Energy - Production of Energy

The production of energy and its uses are heavily influenced by changes in the climate. One example shows that increasing temperatures can and will reduce energy consumption for heating and at the same time increase energy levels used for cooling and heating many types of buildings. Implications of climate change are not as clear for energy supply as they are for energy demand. More research on implications of climate change are expected to follow in future studies.

Change and effects on energy supply and demand will not only depend on the climate’s factors, but also on growth of the economy, use of land, growth of population and distribution, a change in social and cultural trends that can shape individual as well as institutional actions.

An analysis led by the U.S. Department of Energy was published in October 2007 to address such an issue. This analysis was commissioned by the CCSP (or the US Climate Change Science Program). It’s whole reason was to find out the Effects of Climate Change on Energy Production and Use in the United States.

Energy Use
With the rising in temperature due to climate change it can affect a demand on energy. An example shows that rising air temperatures can likely lead to huge increases in energy and the demand for air conditioning in North American cities. On the other side of things, the energy needed for space heating will show a reduction. The total effects of such changes will vary when it comes to energy production, and utility bills.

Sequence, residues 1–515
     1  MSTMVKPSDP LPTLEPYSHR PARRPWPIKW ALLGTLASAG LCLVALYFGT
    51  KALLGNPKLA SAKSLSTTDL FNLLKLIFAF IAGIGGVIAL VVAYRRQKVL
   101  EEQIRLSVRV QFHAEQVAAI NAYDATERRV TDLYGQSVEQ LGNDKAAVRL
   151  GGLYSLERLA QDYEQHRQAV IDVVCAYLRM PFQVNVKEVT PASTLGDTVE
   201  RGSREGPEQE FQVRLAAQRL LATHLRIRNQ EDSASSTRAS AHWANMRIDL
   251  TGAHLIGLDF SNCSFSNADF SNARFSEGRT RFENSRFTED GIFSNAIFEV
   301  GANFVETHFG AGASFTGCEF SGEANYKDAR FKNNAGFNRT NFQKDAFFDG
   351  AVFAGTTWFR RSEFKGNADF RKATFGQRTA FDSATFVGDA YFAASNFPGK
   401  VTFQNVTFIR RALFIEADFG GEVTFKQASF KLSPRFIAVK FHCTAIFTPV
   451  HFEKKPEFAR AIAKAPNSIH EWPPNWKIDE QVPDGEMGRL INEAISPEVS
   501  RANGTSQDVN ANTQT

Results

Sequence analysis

Huge changes in energy consumed can be expected for other climate sensitive processes:
• Water pumping for irrigation in agriculture
• A rise in temperature and increased evaporation
• Irrigation demands on energy, particularly the Western U.S.

Depending on the size of the energy consumption change, it should be necessary to keep in mind these changes in energy supply practices to balance the surge in demand. Numerous factors can also affect the size in future changes of the overall capacity of energy systems.

Energy Production
With little research on how climate change can affect energy production, much more is to be expected in the future. Some possible effects are written and discussed below.
• Hydropower Generation is being looked at as the energy source that will most likely be affected by a change in climate, mostly due to its sensitivity to the amount of precipitation and temperature. Also, hydropower needs can increasingly conflict with many priorities, such as restoration of salmon in the Pacific Northwest. Changes in precipitation seem difficult to project at a regional scale. Meaning the climate change can affect hydropower positively and negatively, depending on which region is being looked at.
• Infrastructure of the production of energy could be affected by climate change. For example, if a rise in climate is characterized with more extreme weather events such as windstorms, floods, hurricanes, and tornadoes, the transmitted electric utility systems may very well see a higher failure rate.